Dogs use their body language, different parts of their body and noises and sounds to communicate with us.
With their body language, they can show us it’s okay to interact with them and to come closer through what is known as distance decreasing signals. Alternatively, they can ask us to give them more space or to stop what we’re doing. These are known as distance increasing signals.
Dogs experience a variety of emotions, just like humans, and they show them in different ways, so it’s important for us to learn what they are and understand them.
Take a look at our video which explains how to understand your dog’s body language.
Get your free pet care guide
Our free guide is packed with expert advice and answers to all your questions on toxic foods, body language, training, and brain games for your pet. We’ve even included recipes for making pet-safe homemade treats and toys.
RELAXED DOG BODY LANGUAGE
It’s a good idea to get to know what your dog looks like when they’re relaxed. All dogs are slightly different and breed variations mean that some dogs’ tails and ears look different. A relaxed dog will have a soft wagging tail, soft eyes and may cock their head in an interested way if you talk to them. These are distance decreasing signals, which mean they are happy to interact with you.
PLAYFUL DOG BODY LANGUAGE
A playful dog will be more animated, and they may bow with their front end lowered down and their behind in the air, or jump around excitedly. These are also distance decreasing signals, showing that they actively want to play.
UNCOMFORTABLE DOG BODY LANGUAGE
The behaviour shown by dogs who are uncomfortable can look similar to when they’re relaxed, so it’s important to be aware of the context and learn what is normal for your dog. For example, sometimes when dogs roll onto their backs, this is to show that they’re uncomfortable, not that they would like their stomach rubbed. This is a distance increasing signal, so we need to move away and change the situation for the dog. Other signals are less subtle and may occur in situations such as grooming or a vet visit. Look out for any signs of tension in your dog which may indicate that they’re uncomfortable. Things like tension around the face, their tail down between their legs, and lifting one of their front paws while standing. These types of distance increasing signals are your dog’s way of asking for the situation to stop. If it’s a situation that has to happen, like a procedure at the vets, you may just need to give your dog a break and then try again. Dogs can seem friendly at first but can become uncomfortable as we interact with them. To avoid this, when you interact with a dog, do so for a few seconds and then pause and move your hands away to give the dog a chance to show you how they feel. If the dog keeps trying to play, or tries to pull your hand towards them with their paw, they’re probably happy for you to keep going for a bit longer.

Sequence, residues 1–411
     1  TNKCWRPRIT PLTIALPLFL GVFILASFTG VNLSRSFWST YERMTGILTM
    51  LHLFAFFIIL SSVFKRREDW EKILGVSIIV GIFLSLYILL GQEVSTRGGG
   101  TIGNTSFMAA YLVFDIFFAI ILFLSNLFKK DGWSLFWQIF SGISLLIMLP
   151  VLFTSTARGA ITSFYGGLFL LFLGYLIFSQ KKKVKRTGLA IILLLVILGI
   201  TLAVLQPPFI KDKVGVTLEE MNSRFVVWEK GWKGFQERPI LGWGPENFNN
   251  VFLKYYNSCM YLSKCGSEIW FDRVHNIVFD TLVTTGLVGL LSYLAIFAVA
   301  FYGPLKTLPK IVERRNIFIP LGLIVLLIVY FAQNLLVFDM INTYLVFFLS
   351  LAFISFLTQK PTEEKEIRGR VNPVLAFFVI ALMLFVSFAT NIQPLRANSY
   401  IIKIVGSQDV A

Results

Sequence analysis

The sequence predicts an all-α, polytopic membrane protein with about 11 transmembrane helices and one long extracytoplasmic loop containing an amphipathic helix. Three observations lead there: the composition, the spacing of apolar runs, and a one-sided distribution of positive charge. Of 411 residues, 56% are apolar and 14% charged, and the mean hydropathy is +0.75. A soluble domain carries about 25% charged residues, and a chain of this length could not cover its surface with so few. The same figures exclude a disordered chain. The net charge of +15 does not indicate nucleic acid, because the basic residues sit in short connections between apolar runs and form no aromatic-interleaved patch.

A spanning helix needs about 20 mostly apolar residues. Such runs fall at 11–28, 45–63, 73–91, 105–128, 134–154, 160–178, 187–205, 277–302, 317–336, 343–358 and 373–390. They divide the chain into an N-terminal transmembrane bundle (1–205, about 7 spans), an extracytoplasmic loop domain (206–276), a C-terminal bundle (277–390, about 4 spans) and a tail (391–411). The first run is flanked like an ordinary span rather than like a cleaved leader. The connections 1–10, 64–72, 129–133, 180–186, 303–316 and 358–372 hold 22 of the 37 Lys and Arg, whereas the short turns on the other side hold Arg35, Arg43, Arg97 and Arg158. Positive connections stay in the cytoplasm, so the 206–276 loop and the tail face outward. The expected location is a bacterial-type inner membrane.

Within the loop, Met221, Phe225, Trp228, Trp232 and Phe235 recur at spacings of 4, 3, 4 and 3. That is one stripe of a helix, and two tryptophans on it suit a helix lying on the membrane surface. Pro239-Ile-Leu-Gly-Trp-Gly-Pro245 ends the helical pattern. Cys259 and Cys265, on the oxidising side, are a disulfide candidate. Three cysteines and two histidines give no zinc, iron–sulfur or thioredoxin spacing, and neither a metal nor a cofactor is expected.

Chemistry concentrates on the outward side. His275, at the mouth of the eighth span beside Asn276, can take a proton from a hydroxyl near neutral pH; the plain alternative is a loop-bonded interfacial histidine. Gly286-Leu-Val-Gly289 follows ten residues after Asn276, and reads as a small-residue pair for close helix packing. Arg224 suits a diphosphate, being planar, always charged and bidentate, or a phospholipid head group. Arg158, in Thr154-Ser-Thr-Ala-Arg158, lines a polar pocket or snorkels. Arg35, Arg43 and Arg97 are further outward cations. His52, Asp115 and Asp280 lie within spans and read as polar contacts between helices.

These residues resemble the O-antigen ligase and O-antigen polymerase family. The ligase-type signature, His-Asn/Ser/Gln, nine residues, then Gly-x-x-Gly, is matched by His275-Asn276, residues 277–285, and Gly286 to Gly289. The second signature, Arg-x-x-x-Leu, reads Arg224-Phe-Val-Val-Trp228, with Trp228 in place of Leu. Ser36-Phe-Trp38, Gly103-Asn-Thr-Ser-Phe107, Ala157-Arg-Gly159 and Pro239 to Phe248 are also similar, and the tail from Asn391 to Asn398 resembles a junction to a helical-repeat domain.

FEARFUL DOG BODY LANGUAGE
Dogs can show fear in many ways. Your dog may hide or cower away from the thing that frightens them. You should make sure not to approach them when this happens, as they may feel cornered, and like their only choice is to escalate to more aggressive behaviour. If the scary situation for your dog continues, you may see some even more intense behaviour such as barking, or lunging forward. These are distance increasing signals, so the dog is asking to be given space. If we watch and listen to our dog’s body language, we can try to prevent these situations from occurring and reduce potential stress for our dogs, and us. If you experience any of these issues, we would recommend getting the help of a behaviour specialist. Take a look at our advice on finding a dog behaviourist for more information.